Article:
In Figma Organization you can create an unlimited number of teams, which gives you an additional level of control over file organization and user permissions. It's important to think through your team set-up carefully, because this configuration will impact the level of access and user permissions to files within each team. A team can have its own projects, documents, and shared libraries, as well as be configured to have different levels of visibility within Figma. Shared libraries can be enabled by default for each team, or even for the entire organization, accessible to everyone, which may be another consideration when figuring out how to structure your teams.
This guide will help you identify the best approach for your company. We'll cover: 1. Visibility of teams 2. Strategies for team creation: For collaboration, permissions, and file management; for design systems; for agencies
When you create a new team, the first thing to define, aside from its name, is its type. There are three to choose from: Open, Closed and Secret. This setting will define what level of visibility and access each team has within your organization's Figma account.
Visibility: Everyone within your organization can see the "open" team listed, join it, and see all of the projects or documents inside.
Permissions: Members who choose to join an open team will be given view access (with the ability to comment, inspect and export assets) by default so they can't accidentally edit something. Team admins can grant edit access to the team to individual people as necessary.
Good for: Companies that want to foster a highly collaborative environment. When people have a window into what other teams are working on, they have the opportunity to work more cross-functionally and they can maintain consistent patterns across different products or projects.
Visibility: Everyone in the organization can see that the "closed" team exists from the "View all teams" modal, but non-members will not be able to immediately see or join the projects and documents inside.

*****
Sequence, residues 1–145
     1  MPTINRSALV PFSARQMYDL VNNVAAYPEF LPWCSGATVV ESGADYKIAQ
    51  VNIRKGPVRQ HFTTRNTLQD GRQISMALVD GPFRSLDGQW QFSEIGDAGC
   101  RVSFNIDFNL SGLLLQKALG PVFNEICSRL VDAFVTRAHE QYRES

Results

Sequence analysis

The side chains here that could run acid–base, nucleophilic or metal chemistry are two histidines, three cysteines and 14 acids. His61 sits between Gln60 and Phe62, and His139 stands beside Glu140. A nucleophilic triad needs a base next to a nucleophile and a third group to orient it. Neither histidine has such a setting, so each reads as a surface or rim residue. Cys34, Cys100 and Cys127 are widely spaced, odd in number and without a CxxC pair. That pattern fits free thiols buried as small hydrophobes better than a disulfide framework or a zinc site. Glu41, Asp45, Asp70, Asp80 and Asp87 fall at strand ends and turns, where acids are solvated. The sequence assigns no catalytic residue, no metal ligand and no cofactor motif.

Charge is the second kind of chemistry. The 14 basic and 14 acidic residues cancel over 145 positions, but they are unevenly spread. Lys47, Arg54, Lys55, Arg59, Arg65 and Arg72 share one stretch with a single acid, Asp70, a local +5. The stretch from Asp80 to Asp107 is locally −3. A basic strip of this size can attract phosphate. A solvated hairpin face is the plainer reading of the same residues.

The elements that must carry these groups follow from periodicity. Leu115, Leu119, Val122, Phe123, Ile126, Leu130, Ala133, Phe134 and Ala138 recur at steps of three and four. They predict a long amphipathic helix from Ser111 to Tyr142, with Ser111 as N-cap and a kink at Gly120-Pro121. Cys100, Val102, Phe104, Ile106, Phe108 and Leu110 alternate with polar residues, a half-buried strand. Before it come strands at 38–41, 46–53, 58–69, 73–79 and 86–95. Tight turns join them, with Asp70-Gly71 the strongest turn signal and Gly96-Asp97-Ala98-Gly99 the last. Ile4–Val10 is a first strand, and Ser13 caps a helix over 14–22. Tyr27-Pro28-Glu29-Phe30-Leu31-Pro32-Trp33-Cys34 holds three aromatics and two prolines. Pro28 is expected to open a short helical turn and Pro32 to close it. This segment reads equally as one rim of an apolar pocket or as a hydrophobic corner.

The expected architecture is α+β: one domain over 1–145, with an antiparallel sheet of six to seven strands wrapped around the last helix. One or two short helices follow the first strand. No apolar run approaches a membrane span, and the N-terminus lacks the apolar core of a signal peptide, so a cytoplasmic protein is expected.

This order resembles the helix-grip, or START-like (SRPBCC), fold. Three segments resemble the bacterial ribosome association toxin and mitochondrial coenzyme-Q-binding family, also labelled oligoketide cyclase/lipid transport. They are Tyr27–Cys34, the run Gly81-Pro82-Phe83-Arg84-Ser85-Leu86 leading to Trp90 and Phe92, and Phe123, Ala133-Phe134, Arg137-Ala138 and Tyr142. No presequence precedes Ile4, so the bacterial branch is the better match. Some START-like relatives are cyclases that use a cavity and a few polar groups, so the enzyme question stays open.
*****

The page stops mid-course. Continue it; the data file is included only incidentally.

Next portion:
Permissions: Users who wish to join a closed team need to request access to see projects. Team admins can permit or deny these requests and give the users the appropriate amount of access (view or edit).
Good for: This type will be best suited for teams who can't share their work with the entire organization, but can still benefit from everyone knowing about their existence. This gives people a destination to go if they do require access.
Visibility: No one can see that a "secret" team exists within the Figma organization, unless they are the creator or have been specifically invited to join.
Permissions: Owners of secret teams need to individually invite the members they want to have access. They can also set the appropriate view or edit permissions for each user.
Good for: This is great for top secret projects that only a very specific subset of users require access to. Think of work done leading up to an acquisition or something that cannot have org-wide knowledge. This access type can be changed at any point to give these teams more visibility when the timing is right.
Now that you've decided on whether individual teams are open, closed, or secret, you'll also need to decide how to organize your overall team structure. Should your Figma teams mirror the actual departments in your organization, or something else? Where should your design system live, or how should you handle client files if you're at an agency?
These decisions will vary greatly depending on your company's culture and needs. There's a few different ways to approach this, and there is a good chance you'll combine some of these ideas into a structure that works for your organization.